How can I improve my indoor air quality?

As an individual, one has limited influence on the quality of the outdoor air. Therefore, the first step towards a healthier life is to improve the air quality in one's own home, within the limits set by the quality of the outdoor air.

A key realization in recent years is that indoor air quality is often worse than outdoor air quality. The goal should be to minimize this difference in quality as much as possible. A continuous supply of fresh outdoor air is essential in this regard.

Air purifiers provide no or only limited relief. Often, they create merely the impression of better air quality without addressing the actual problem. Further details on this can be found under Why air purifiers can make u sick

Merely tilting windows open is often insufficient, especially at night when there is a lack of necessary wind movement outside.

Similarly, the often-recommended practice of airing out rooms quickly is not a real option in our experience, as this does not take into account significant issues. See more on this under Why is intermittent ventilation ineffective?

CO2 as a Reference

In many explanations for improving indoor air quality, CO2 is mentioned. However, it's important to recognize that there are a variety of other pollutants present indoors. CO2 is particularly useful for simply assessing the efficiency of ventilation. This is primarily because we exhale this gas, ensuring its constant and guaranteed presence in the room. Moreover, CO2 concentration increases more rapidly than other pollutants in cases of insufficient ventilation. Also, devices for measuring CO2 are relatively inexpensive.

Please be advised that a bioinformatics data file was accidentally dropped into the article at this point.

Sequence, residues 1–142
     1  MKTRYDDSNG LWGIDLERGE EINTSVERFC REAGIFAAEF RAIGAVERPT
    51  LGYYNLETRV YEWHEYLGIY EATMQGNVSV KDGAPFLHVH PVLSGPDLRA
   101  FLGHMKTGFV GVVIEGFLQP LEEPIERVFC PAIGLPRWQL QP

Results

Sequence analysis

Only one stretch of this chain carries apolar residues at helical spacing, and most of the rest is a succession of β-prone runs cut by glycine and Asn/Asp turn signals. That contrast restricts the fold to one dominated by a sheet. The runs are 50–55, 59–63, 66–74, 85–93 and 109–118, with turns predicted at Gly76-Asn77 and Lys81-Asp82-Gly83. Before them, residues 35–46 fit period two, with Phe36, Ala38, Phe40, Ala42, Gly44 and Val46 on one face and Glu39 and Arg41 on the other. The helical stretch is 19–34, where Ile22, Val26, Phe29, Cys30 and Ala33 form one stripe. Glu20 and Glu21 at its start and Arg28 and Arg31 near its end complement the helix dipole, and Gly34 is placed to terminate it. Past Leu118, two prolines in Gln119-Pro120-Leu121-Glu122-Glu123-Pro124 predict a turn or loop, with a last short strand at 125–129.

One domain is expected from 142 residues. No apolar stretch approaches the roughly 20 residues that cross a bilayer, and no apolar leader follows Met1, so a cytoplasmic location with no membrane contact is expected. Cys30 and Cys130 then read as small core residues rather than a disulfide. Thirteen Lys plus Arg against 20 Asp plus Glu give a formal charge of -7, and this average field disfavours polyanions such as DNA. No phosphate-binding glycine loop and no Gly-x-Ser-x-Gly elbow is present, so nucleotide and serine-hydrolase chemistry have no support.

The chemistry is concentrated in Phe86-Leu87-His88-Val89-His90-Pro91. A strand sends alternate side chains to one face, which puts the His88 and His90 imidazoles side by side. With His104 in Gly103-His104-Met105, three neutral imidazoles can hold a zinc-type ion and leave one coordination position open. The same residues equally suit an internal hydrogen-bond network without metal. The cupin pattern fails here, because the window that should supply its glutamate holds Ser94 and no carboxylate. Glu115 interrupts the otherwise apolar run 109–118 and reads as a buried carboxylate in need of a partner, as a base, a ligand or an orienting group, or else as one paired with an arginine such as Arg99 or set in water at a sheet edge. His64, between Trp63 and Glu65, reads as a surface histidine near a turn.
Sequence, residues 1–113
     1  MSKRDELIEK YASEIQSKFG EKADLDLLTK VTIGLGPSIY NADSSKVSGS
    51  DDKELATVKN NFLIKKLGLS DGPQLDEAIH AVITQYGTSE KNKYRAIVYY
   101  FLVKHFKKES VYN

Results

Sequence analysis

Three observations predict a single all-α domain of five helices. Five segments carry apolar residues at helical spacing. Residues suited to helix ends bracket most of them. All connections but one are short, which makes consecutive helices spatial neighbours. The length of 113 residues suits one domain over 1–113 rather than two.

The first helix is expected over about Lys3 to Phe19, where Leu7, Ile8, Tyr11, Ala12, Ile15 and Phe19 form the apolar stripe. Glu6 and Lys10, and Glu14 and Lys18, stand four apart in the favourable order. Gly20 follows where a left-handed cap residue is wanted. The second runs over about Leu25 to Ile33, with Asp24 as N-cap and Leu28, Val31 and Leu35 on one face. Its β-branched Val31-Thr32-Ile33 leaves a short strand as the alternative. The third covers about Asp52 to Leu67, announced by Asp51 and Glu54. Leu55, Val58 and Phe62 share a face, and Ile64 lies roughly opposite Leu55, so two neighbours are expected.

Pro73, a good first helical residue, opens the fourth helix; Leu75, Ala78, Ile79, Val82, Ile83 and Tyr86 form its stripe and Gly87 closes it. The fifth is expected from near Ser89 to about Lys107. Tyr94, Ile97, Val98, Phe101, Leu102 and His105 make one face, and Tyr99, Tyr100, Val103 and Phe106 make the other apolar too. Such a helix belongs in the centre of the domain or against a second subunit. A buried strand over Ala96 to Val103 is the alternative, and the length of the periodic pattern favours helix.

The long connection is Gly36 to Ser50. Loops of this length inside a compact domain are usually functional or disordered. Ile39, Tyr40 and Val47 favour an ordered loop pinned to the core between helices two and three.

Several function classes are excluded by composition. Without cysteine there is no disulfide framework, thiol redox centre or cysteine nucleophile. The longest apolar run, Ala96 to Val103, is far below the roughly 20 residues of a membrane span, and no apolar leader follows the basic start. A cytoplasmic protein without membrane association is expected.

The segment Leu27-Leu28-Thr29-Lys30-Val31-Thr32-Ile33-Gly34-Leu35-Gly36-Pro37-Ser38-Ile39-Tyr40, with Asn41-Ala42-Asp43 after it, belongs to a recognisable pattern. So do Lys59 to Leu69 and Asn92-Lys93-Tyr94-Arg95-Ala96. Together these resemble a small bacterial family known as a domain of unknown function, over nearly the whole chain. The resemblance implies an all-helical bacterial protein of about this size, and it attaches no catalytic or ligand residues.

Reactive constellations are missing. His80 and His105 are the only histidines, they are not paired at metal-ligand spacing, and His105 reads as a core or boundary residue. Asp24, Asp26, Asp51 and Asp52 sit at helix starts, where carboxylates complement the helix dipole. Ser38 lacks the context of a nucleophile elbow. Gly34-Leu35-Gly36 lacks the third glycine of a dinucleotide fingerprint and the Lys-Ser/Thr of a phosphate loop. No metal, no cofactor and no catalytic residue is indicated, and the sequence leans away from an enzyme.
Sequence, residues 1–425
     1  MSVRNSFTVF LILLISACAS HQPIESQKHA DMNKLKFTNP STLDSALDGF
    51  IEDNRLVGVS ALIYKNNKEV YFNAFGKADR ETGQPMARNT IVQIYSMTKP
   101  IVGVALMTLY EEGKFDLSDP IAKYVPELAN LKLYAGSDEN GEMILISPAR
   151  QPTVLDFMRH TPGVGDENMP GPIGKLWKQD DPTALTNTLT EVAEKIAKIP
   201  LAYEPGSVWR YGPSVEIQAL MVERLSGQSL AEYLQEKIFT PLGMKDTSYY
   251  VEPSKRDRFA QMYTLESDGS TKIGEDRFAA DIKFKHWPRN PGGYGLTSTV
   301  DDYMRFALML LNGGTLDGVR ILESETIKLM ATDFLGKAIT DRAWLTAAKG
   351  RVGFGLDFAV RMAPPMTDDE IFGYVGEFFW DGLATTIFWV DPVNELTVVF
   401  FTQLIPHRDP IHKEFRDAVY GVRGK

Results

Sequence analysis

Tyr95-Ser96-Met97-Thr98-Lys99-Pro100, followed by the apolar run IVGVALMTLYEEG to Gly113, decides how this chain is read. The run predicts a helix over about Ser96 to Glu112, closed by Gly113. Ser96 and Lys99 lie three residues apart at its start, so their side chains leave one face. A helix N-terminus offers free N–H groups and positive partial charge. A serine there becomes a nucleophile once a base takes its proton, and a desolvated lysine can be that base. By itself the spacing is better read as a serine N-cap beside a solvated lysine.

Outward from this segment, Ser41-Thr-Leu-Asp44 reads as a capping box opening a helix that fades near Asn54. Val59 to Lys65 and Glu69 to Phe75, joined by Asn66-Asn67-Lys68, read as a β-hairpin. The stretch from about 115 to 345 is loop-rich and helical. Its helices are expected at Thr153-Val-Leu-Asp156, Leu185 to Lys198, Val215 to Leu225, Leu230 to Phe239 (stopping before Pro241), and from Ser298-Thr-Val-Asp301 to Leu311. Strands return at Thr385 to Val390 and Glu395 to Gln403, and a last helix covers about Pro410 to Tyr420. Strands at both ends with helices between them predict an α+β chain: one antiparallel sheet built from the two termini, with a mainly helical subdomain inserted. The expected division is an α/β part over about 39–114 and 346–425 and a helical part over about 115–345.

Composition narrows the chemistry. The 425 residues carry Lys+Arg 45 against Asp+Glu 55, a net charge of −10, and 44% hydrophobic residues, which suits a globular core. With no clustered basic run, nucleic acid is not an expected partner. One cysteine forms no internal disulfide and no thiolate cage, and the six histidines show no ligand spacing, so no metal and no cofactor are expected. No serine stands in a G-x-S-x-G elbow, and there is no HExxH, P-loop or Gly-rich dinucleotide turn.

By providing sufficient fresh air from outside to lower the CO2 concentration, other common indoor pollutants are also reduced. These include radon, fine dust, bacteria, viruses, and various volatile organic compounds (VOCs). Effective ventilation also reduces other pollutants that enter from outside and accumulate indoors.

However, it should be noted that while CO2 levels rise quickly and can be rapidly reduced by ventilation, other pollutants, especially VOCs, remain in the indoor environment much longer. This is because they emanate from clothing, carpets, and furniture, as well as being produced by mold and bacteria in inaccessible places. Therefore, while a specific CO2 concentration target is helpful in determining whether ventilation is adequate, one should not immediately stop ventilating just because the CO2 level is below this threshold.

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